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SANTA FE, N.M. (AP) — New Mexico lawmakers waded into the national debate over gun violence Wednesday as the House approved legislation to require criminal background checks of more people who buy firearms at gun shows.
If the measure becomes law, which is far from certain, New Mexico will join at least six other states in having background checks for all firearms purchased at gun shows from private sellers, according to the Washington, D.C.-based Coalition to Stop Gun Violence.
Federal law requires those checks for sales by licensed dealers in their stores or at gun shows, but it doesn't cover private gun sales regardless of the location of the transaction.
Supporters of the legislation said it was a step in trying to reduce gun violence.
"Something needs to get done. We are at a point now where we are seeing these horrible things. And if this bill helps address the problems and I believe it will in a very significant way, then I am willing to support it," said Rep. Nate Gentry, an Albuquerque Republican.
The measure cleared the House on a 43-26 vote, with eight Republicans joining 35 Democrats in support. Only three Democrats opposed the bill. The proposal goes to the Senate, which tends to be more conservative than the House.
GOP Gov. Susana Martinez, who is licensed to carry a concealed handgun, has said she would sign the legislation if it remains unchanged.
Opponents said more background checks won't stop shootings and killings or prevent criminals from obtaining guns. They pointed out that legally purchased firearms were used in recent mass killings, including at a Connecticut school in December and last year's Colorado movie theater shooting.
"It appears that some members are willing to stand up and beat their chests and say we really, really worked hard to develop a crime prevention bill that has absolutely no chance of preventing crime," said Rep. Dennis Roch, a Texico Republican. "I believe we're wasting our time with this particular model."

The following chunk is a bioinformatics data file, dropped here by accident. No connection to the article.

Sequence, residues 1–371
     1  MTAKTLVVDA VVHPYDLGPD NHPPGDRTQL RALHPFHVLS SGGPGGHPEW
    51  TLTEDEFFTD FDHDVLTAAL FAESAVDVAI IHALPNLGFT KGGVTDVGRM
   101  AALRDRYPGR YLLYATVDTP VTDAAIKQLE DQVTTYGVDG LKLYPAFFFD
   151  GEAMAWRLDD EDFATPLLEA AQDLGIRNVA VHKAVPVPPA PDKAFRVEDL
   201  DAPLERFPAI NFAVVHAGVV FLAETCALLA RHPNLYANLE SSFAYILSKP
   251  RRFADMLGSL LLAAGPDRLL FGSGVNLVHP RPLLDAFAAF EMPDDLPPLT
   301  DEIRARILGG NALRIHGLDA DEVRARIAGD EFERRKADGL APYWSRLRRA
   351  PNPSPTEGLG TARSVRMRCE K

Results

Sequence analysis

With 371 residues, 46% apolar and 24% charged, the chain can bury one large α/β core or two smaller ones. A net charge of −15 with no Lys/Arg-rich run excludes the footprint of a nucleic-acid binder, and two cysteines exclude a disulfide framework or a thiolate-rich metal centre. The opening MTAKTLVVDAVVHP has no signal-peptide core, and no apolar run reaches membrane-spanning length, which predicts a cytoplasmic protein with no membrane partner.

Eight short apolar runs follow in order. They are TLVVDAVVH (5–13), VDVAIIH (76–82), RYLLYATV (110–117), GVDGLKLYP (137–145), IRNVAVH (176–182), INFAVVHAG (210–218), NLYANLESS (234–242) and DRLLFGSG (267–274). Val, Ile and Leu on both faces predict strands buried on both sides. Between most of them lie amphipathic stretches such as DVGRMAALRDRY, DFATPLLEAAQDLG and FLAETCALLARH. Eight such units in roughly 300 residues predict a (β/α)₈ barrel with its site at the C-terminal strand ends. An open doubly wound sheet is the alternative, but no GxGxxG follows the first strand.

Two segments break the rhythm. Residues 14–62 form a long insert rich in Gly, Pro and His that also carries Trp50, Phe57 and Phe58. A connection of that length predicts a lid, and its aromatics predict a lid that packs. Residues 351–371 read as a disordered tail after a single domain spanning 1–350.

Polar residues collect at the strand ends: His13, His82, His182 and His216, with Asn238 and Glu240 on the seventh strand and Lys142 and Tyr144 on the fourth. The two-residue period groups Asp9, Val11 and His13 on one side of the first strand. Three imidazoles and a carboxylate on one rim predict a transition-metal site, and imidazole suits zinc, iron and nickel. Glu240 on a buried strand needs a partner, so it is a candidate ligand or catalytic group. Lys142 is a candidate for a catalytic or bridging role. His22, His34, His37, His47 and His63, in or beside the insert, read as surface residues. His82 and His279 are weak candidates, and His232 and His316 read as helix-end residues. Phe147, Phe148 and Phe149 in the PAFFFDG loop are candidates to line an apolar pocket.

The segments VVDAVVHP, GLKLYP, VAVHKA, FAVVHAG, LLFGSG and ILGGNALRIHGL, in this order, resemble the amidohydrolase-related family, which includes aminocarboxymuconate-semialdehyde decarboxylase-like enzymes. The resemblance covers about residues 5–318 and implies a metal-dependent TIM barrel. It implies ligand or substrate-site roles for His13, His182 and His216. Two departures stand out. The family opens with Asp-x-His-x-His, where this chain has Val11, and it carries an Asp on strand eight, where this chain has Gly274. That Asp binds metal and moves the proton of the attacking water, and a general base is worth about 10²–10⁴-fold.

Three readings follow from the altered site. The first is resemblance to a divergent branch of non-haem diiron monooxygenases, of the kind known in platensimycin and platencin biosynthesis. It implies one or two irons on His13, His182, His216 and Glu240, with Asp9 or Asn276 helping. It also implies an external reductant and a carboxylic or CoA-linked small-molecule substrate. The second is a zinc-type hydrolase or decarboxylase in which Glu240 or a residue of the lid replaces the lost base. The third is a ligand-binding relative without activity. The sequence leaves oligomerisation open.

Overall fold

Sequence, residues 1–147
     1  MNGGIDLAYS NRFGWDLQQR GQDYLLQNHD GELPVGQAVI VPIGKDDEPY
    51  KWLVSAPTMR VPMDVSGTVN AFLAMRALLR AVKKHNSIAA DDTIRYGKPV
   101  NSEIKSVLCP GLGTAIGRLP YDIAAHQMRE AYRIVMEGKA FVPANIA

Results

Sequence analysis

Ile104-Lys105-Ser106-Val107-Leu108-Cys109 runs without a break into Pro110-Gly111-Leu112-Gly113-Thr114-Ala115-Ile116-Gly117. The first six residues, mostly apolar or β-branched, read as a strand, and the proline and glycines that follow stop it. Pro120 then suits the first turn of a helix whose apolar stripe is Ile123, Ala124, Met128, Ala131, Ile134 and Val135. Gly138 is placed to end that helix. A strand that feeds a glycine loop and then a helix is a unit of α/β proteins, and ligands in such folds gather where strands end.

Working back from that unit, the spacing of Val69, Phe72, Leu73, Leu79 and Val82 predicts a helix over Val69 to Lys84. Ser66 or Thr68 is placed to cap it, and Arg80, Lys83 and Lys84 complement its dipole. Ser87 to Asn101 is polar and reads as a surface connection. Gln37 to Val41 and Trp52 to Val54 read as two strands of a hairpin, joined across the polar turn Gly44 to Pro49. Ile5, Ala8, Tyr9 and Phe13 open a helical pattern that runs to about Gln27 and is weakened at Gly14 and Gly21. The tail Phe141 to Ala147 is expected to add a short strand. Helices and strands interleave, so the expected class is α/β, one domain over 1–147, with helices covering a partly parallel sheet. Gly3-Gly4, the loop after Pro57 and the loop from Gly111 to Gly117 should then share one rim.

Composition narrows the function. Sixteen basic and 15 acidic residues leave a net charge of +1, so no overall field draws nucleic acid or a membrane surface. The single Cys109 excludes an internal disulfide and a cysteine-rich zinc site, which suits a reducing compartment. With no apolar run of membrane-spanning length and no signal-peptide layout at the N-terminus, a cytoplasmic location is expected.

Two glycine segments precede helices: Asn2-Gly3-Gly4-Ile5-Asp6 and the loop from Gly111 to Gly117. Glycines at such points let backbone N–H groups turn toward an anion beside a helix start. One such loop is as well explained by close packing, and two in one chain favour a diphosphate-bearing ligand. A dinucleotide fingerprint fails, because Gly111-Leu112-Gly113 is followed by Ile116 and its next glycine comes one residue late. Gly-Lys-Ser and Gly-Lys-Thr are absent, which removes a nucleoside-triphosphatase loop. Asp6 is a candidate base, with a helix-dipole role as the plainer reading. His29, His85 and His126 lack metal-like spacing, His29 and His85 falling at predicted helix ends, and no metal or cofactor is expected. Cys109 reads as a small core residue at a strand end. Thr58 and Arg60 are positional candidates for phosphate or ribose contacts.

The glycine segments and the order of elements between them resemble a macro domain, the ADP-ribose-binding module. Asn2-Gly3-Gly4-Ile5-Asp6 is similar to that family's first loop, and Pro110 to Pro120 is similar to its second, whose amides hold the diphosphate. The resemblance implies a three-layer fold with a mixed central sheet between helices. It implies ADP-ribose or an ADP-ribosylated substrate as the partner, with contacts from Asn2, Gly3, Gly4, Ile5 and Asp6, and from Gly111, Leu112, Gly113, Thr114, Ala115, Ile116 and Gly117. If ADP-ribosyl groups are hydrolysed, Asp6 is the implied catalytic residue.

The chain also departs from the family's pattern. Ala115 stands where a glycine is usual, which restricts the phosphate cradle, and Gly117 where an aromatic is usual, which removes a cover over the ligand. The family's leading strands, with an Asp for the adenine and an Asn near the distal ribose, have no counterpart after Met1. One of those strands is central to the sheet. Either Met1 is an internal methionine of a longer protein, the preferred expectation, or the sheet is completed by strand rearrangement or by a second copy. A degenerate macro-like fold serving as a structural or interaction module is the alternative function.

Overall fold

The House debate came less than a month after the shooting deaths of five members of an Albuquerque family, including the brother of a former state senator. A 15-year-old boy has been indicted on murder and other charges for the deaths of his parents, a brother and two younger sisters. A .22-caliber rifle and a semi-automatic military-style rifle, which were kept in the parents' closet, were used in the shootings, according to authorities.
Rep. Miguel Garcia, an Albuquerque Democrat who sponsored the bill, said expanded background checks will help prevent sales of firearms to people prohibited from having them, including convicted felons and individuals with a history of mental illness.
Democrats have long held majorities in the House and Senate, but gun restrictions have rarely received much consideration in past legislative sessions.
In 2001, the House rejected a measure that would have required background checks on purchases of weapons from private dealers at gun shows. The same year, the Legislature approved a proposal to require gun dealers to provide safety locks when they sell firearms, but it was vetoed by then-Gov. Gary Johnson, a Republican.
It's legal in New Mexico to openly carry loaded firearms in most public places, including the Capitol.
The legislation includes provisions to ensure the state regularly provides information to the FBI for its background check system about people ineligible to buy firearms, such as when a New Mexico court commits someone to a mental health institution. The measure will establish in law the procedures currently followed by the state Administrative Office of the Courts.